“Big Barn Bed,” the opening cut on the album, captures McCartney’s current approach as well as any, showing in a series of steps just how he fleshes out a song which must have been mere skeleton when first written. The lyrics are rhymed nonsense, for the most part, played off against a curiously staggered afterbeat and a tightly controlled vocal. Neither verse nor chorus are anything much, but the song draws you slowly in with the same steady roll of traction demonstrated by that odd union of records which score heavily in the discotheque markets, reaching its peak with the endless repetitions of the chorus line in the end, let down slightly via the faintly Gregorian harmonies at the close.
Similarly, “My Love” relies on its success (both as single and album cut) not through the mushiness of its sentiments, or the superfluous prettiness of its melody (Paul did it better in “The Long and Winding Road” anyway), but in its constant attention to unconcealed repetition. A look at the lyric sheet reveals a staggering amount of “My Love”s and “Wo-Wo”s shoved in nearly every line, and if the song appears to be somehow more than it actually is, chalk one up for McCartney’s supervisory care.
This concentration on ramming the point home is both Red Rose Speedway’s strength and weakness, however. “Medley,” which takes up 11 minutes of side two, consists of four songs tied together in a slight vignette. The story line is loosely based on the traditionals of a boy-girl relationship — in this case overwrought with a love theme — and the tunes themselves are charming enough in a lightweight sort of way. But eleven minutes? Not only could the medley have been easily compressed into a single segment with little loss of narrative flavor, but the net effect of lumping all these eggs in one basket only serves to underscore their individual lack of anything resembling bulk.
The remainder of the album is good, competent McCartney, neither his best nor worst, but solidly constructed material with a flair for creating gems out of the safe and familiar. “Get on the Right Thing,” with its Abbey Road texture, is a sharply synched number that folds nicely into “One More Kiss,” a scenario built on the premise of the one-night stand and down-played letter-perfect. “Single Pigeon” is a meager song, not made out to be much more than it really is (the Mamas and Papas over “Tumbling Tumbleweeds”), while the picks to click of Red Rose Speedway rest with “Little Lamb Dragonfly” and “When The Night,” the former soft and sensual with a bit too much reliance on the “la-la-la”s and the latter a double-edged Paul rocker, featuring his best singing of the album when the group bears down in the coda. Wings’ great recent single of “Hi Hi Hi” is nowhere to be found, for reasons undeclared, especially gritting in light of a weak filler instrumental called “Loup (1st Indian on the Moon),” electronic patter more gracefully left to such as Pink Floyd and Hawkwind.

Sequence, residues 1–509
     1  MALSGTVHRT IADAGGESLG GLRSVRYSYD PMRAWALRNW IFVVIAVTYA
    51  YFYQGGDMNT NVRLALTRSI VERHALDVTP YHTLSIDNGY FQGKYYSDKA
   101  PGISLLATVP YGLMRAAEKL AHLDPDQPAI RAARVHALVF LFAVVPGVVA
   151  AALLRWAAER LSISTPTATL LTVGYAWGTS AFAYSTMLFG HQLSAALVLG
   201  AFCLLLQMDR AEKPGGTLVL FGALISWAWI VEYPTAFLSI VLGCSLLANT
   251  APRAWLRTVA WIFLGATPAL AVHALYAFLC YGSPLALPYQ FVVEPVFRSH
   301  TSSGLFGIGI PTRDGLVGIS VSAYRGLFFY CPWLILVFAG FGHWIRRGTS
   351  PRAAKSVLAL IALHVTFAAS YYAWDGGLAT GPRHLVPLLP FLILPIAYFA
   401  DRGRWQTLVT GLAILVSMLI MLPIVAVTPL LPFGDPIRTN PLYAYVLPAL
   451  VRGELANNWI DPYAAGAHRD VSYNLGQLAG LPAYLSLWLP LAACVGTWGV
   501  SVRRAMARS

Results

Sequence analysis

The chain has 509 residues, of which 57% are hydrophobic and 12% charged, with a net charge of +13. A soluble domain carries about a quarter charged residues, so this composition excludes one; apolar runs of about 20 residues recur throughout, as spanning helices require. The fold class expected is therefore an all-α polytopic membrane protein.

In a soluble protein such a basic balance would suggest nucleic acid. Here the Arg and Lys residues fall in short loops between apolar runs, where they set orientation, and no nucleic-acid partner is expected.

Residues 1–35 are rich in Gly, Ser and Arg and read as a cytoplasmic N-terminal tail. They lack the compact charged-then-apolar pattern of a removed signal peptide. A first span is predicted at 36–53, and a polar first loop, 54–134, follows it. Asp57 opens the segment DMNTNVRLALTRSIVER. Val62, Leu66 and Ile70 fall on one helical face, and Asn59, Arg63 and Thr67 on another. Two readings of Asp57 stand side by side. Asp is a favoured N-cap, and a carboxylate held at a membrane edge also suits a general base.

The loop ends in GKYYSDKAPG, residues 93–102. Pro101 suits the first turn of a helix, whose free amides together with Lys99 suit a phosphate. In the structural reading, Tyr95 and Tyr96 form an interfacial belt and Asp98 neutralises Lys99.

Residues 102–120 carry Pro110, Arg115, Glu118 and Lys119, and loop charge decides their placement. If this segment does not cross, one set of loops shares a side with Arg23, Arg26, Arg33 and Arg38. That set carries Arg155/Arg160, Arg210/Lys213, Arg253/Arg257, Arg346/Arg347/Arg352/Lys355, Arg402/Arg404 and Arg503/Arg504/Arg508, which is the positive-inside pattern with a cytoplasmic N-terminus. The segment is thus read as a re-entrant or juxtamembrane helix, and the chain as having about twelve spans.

Still, despite expected hits and misses, I find Red Rose Speedway to be the most overall heartening McCartney product given us since the demise of the Beatles. After much experimentation with how best to present himself, Paul has apparently begun a process of settling down, of working within a band framework that looks to remain stable for at least the next vehicular period. An American tour should help matters out, if nothing else giving him greater accessibility to his audience, and the noticeable tightening of his musical vision should boost him from there. And as for the particulars of this latest album, suffice it to say that Paul’s grandfather would’ve liked it. It is, after all, very clean.
~ Lenny Kaye (July 5, 1973)
All songs written and composed by Paul and Linda McCartney.
Side One
1.            “Big Barn Bed”  3:48
2.            “My Love”           4:07
3.            “Get on the Right Thing”               4:17
4.            “One More Kiss”              2:28
5.            “Little Lamb Dragonfly”                 6:20
Side Two
6.            “Single Pigeon”                 1:52
7.            “When the Night”            3:38
8.            “Loup (1st Indian on the Moon)”              4:23
9.            “Medley: Hold Me Tight/Lazy Dynamite/Hands of Love/Power Cut”        11:14
Bonus tracks on CD reissued by Capitol in the US
10.          “I Lie Around”    5:03
11.          “Country Dreamer”         3:14
12.          “The Mess” (Live at the Hague) 4:58
The Paul McCartney Collection’s 1993 reissue bonus tracks
10.          “C Moon”            4:32
11.          “Hi, Hi, Hi”           3:07
12.          “The Mess” (Live at the Hague) 4:55
13.          “I Lie Around”    4:59